You can see everything on Google maps.

Many times rolling stock are stored in Holyoke on sidings near old mills.

Last I saw a CF-7 being used. I did see those on a roster list sometime ago.

Rich

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Posted by MIKE0659 on Monday, March 11, 2019 6:39 PM

A loose rule of thumb in the prototype shortline railroad community is you want 100 revenue cars per mile, per year as a break-even operation. Speed doesn't really affect this equation.

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Posted by BRAKIE on Monday, March 11, 2019 9:21 PM

MIKE0659

A loose rule of thumb in the prototype shortline railroad community is you want 100 revenue cars per mile, per year as a break-even operation. Speed doesn't really affect this equation.

 

That would be a dream short line however the majority is lucky to see 2500 cars a year which works out to be roughly 10 cars a day for the normal 5 day work week.

Then you have the day to day operations of short lines that handle less then 1200 cars a year.

When it comes to short lines there is no real rule of thumb because every short line is different  as far as car loads handled annually.

The livelihood of a short line is keeping and finding new customers as well as  finding replacement customers for former customers  lost to trucking or plant closures. A vicious cycle to say the least.

As one short line operator put it this way in a issue of Trains many years ago(the 80s?),its either feast or famine.

 

Larry

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Posted by MIKE0659 on Monday, March 25, 2019 7:25 PM

Brakie, you are right in saying every shortline is different, I can't dispute that point. I've been in the shortline railroad industry as a Trainmaster for over 31 years and have met with a lot of very knowledgable people in the industry. In talking to other shortline people at national and regional meetings, it is something most everyone agrees on. This isn't just my opinion or a guess, it is based on fact.

It's not a "Dream Short Line", it is what you need to be profitable. What I stated has been the rule of thumb for a very long time. The key is that the rule of thumb number is what you need to be a financially viable - read that as "profitable" - shortline railroad. An old shortline industry joke is, "How do you make a small fortune in the shortline railroad business? Start with a large fortune."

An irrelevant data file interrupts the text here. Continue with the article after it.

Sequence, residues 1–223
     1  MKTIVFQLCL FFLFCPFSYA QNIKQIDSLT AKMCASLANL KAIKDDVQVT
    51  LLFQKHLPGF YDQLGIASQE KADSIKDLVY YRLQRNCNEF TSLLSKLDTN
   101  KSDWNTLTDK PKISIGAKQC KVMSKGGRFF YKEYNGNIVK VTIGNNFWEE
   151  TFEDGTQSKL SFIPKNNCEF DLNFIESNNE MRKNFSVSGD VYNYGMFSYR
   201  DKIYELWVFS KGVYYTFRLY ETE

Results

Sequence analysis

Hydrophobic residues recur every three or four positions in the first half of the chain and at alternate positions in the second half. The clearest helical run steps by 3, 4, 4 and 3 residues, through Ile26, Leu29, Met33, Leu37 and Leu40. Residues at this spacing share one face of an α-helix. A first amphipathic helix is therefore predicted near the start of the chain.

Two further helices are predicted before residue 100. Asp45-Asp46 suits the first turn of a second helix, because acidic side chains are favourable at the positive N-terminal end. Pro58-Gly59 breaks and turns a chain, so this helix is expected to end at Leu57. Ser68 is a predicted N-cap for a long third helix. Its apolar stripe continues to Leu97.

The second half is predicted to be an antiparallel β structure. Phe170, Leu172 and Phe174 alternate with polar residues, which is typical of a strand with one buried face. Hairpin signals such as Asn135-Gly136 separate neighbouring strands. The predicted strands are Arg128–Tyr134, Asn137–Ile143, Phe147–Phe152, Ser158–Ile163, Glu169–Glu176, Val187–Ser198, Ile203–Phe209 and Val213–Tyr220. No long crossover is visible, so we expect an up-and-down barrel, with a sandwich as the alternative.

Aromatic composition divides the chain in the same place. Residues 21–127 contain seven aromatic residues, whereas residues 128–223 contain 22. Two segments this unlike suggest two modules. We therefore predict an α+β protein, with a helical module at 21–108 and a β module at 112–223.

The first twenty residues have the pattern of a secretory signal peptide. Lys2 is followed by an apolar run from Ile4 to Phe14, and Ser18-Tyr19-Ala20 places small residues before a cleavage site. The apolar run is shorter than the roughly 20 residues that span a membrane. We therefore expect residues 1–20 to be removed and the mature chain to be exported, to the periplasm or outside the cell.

What you don't state is how long your shortline examples might be. If you find railroads that meet those numbers, you may find they don't actually operate many miles of railroad, or they don't run 5 days a week. The length of the railroad is a key to this. You have to have revenues sufficient to maintaining all those miles.

I know from the inside what it costs to run a profitable shortline and that number of 10 cars per mile/per year is pretty good. Up to that point you are fighting your fixed costs, but when you break over that point, it is nearly all pure profit. Until you hit that next level where you have to add people and equipment and up your track maintenance to meet the new traffic levels.

The Class I railroads refer to that turnover of customers as "Churning", and expect to have ten percent turn over every year. It may not be that bad on your average shortline, but it happens just the same. Customers, even good ones, will come and go no matter what you do.

I stand by that metric. If you could see the financials of a shortline, or a few shortlines, you would see it plays out that way. Over the years we were approached to take over operations at shortlines owned by industries or state/county governments and it proved itself over and over. Go through all the financials and the traffic and you can look back and see that formula being proven true.

It isn't cheap to run a shortline railroad. It is way more expensive than those outside the industry can imagine. It's why so many railroads fail, it just bleeds the owner dry.

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Posted by Doughless on Monday, March 25, 2019 7:53 PM

MIKE0659

 

What you don't state is how long your shortline examples might be. If you find railroads that meet those numbers, you may find they don't actually operate many miles of railroad, or they don't run 5 days a week. The length of the railroad is a key to this. You have to have revenues sufficient to maintaining all those miles.

I know from the inside what it costs to run a profitable shortline and that number of 10 cars per mile/per year is pretty good. Up to that point you are fighting your fixed costs, but when you break over that point, it is nearly all pure profit. Until you hit that next level where you have to add people and equipment and up your track maintenance to meet the new traffic levels.

 

Mike.  Thanks for the inside info. 

Just to be clear about the rule of thumb.  10 revenue cars/mile per year.  For a 16 mile shortline, that's 160 cars per year, or about 3.1 cars per week.  (I can do the math, just wanted to example what you wrote.)

- Douglas